Remember when I said I was so relieved to be able to go on holiday despite the best efforts of the ash cloud, that I wasn’t even feeling a smidgen of my usual fear of flying?
That was before I read this:
[Source: warning, this link is to the Daily Mail, proceed with caution!]
(And oh hey, remember when I said I’d never read the Daily Mail ever again? Wish I’d kept THAT promise…)
You see that, people? That “terrifying mid-air drama”? That “plunge” from the sky? That “hitting severe turbulence”? That right there would kill me. I would die. And I don’t mean I’d die because I didn’t have my seat belt on (I ALWAYS have my seat belt on…) and I got thrown around the cabin like a rag doll, I mean I’d die because of THE FEAR. Actually, I’m pretty sure I’ve come very close to dying of THE FEAR on previous flights, and those were ones with only very mild turbulence. Some of them were flights with no turbulence at all, and I still almost died of THE FEAR.
(Two days after 9/11, Terry and I flew back from Spain, where we’d been during the attacks. Naturally, I was terrified, and this was intensified by the fact that the airlines at the time weren’t allowing passengers to bring anything into the cabin at all, so I was denied my usual coping mechanisms of book and music. At one point during the flight I got up to go to the bathroom, which was at the very front of the plane, right in front of the cockpit. As I stood there awaiting my turn, the door to the cockpit opened, and a young woman came out. Seriously, she looked about… twelve, maybe? She looked at me. I looked at her. We both looked at the locked door of the bathroom. “I have to go before you,” the woman suddenly announced, glaring at me. “Because I am the pilot.” I nodded dumbly, and let her go first. Then I stood braced in the doorway of that cockpit, knowing that the only thing standing between a planeload of people and a fiery death at the hands of the maniacs who were almost certainly on board, was… me. I am glad to report that I rose to the occasion. I did not shirk my duty. I protected that cockpit as if my life depended on it – which it basically did, as far as I was concerned – and it was only as I walked back to my seat afterwards that I realised there must’ve been a co-pilot in there anyway, and my fears of the woman never coming out of the bathroom, and me having to guide the plane to safety, guided only by a small team of people on the ground and my sketchy knowledge of Microsoft Flight Simulator were, um, ridiculous. I remained in a state of constant vigilance and total and utter panic for the rest of the flight, though. I’m still in that state now, actually.)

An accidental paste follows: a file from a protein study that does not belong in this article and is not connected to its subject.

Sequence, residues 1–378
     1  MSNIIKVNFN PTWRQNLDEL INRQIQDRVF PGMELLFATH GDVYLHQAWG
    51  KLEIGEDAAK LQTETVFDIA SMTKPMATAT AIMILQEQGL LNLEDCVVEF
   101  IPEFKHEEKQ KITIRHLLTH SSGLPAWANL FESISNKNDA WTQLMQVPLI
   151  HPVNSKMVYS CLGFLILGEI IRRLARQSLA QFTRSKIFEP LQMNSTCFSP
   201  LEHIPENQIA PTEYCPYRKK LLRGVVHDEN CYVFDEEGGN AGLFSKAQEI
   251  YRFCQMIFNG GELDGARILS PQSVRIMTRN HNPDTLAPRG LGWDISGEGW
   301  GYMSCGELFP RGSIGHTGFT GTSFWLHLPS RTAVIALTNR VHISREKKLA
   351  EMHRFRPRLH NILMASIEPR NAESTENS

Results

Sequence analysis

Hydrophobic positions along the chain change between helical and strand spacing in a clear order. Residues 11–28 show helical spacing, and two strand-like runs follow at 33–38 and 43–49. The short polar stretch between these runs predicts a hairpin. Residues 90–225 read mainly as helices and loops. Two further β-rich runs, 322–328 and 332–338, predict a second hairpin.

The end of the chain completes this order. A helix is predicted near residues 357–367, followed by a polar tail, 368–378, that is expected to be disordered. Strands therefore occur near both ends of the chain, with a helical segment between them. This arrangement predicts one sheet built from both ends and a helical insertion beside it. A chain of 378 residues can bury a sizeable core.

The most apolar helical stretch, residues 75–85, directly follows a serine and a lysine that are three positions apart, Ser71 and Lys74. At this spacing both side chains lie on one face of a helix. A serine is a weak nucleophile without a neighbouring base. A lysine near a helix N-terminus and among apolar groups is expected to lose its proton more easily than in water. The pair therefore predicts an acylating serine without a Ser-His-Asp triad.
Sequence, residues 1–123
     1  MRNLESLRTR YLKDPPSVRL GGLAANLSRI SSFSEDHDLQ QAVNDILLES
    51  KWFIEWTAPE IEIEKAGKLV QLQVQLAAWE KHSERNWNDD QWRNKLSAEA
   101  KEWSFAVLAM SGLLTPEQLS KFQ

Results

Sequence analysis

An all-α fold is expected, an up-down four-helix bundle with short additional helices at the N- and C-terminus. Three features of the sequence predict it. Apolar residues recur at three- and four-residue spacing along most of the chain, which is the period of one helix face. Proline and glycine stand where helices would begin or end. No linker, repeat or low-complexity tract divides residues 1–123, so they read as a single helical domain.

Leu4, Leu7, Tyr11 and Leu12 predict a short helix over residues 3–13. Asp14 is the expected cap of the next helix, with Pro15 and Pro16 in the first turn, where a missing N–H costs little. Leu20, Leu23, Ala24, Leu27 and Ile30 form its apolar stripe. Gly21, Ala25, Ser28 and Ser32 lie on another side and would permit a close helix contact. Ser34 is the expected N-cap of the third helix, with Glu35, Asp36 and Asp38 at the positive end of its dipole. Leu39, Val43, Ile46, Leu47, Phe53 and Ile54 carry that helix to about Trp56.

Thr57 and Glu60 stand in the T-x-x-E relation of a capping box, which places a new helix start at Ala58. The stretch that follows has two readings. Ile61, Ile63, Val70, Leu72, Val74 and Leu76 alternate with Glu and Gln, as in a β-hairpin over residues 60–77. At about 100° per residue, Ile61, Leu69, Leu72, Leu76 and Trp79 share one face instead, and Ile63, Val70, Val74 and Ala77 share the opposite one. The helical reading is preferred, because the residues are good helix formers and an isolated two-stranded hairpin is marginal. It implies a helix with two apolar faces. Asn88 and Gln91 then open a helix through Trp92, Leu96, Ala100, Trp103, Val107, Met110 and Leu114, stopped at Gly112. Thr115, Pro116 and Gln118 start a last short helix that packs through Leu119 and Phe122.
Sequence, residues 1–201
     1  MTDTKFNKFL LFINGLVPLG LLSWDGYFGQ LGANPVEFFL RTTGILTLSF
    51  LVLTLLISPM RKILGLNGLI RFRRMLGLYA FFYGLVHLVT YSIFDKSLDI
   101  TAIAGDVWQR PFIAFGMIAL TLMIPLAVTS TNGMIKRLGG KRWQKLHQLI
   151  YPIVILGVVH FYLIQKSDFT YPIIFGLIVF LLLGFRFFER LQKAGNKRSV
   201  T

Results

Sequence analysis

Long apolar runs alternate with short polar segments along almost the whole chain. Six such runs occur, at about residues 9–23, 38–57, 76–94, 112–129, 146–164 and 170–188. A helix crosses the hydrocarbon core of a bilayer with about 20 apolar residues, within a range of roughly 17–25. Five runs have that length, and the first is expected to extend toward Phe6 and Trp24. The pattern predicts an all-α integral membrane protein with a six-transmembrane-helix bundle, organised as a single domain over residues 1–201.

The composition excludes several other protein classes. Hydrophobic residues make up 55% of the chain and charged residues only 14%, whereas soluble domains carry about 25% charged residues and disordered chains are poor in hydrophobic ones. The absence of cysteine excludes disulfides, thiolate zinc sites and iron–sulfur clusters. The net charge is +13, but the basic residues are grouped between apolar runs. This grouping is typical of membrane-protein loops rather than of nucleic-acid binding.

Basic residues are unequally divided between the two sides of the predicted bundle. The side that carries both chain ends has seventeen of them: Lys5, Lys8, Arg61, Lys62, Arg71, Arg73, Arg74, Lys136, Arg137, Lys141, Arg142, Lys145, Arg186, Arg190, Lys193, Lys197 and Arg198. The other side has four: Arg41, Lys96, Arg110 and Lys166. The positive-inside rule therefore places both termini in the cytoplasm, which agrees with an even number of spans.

So, readers, please give a warm, Forever Amber welcome to: THE FEAR! It’s back, and it’s bigger than ever! One terrifying mid-air drama, coming right up!*
(*There’s almost almost a terrifing mid-air drama when I fly. Unfortunately, the drama is normally provided by me…)